Results

The main findings of this study were as follows: The most vulnerable building type is the reinforced masonry structure with clay tile roof, it is located between 8.1-10 km of the epicentre and it is built on young Merapi volcanic deposits. On the contrary, the safest building type is the houses which has characteristics of reinforced masonry structure, asbestos or zinc roof type, and being located in Semilir Formation. The results showed that the building damage probability provided a high accuracy of prediction about 75.81%.

Conclusions

The results explain the prediction of building vulnerability based on the building damaged of the Yogyakarta earthquake 2006. This study is suitable for preliminary study at the region scale. Thus, the site investigation still needs to be conducted for the future research to determine the safety and vulnerability of residential building.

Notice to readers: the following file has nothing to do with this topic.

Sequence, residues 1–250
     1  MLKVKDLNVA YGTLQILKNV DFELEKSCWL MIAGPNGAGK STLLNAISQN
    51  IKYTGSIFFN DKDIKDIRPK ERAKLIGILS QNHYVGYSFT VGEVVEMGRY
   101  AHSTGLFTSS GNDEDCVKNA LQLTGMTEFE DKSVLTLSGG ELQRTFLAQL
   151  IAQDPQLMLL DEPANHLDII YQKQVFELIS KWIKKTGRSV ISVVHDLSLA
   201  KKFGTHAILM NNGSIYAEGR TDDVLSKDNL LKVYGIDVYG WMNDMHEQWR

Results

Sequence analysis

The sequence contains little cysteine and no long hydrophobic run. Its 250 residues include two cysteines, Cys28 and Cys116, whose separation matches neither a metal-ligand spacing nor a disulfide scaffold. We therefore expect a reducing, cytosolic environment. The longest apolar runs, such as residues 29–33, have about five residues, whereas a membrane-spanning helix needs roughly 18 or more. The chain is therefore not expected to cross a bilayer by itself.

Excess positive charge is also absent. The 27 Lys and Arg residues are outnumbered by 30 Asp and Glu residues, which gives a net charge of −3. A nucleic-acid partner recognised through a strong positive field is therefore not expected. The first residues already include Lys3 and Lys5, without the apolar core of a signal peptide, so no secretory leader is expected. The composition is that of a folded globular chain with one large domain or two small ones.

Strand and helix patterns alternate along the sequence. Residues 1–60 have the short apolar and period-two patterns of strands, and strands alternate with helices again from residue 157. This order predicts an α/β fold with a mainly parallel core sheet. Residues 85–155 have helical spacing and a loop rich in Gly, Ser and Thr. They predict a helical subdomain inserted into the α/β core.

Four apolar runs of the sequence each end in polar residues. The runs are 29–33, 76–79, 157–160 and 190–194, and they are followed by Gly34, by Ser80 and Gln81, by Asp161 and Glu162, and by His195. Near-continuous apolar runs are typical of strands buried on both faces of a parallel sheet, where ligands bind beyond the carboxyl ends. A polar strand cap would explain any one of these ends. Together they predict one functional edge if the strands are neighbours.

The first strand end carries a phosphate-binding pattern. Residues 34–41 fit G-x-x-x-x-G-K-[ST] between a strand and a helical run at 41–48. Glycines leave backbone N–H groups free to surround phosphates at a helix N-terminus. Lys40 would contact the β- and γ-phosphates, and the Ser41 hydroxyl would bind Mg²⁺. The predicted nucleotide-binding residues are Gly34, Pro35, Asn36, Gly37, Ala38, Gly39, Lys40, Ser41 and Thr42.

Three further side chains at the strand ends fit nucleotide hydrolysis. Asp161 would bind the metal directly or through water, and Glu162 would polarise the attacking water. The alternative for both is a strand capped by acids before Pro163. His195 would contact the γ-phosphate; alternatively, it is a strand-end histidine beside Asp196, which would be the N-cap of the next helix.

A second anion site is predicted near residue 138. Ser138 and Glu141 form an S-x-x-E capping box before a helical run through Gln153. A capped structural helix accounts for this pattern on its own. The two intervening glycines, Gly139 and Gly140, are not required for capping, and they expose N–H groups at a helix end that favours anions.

Keyword

Earthquake Damage pattern Building vulnerability Probabilistic model

Background

An earthquake is a sudden motion of the earth caused by the release of accumulated energy that mostly occurs within or along the edges of earth’s tectonic plates. The released energy generates the seismic vibration radiating in the earth’s body and perceived as an earthquake (Bath, 1979). This natural phenomenon strongly relates to the geological condition and the configuration of tectonic plates. The areas located at the edges of tectonic plates are more vulnerable to earthquake hazard. However, few earthquakes can also occur away from the tectonic plates boundary such as in the interior of a tectonic plate or intraplate regions (Stein & Wysession, 2003).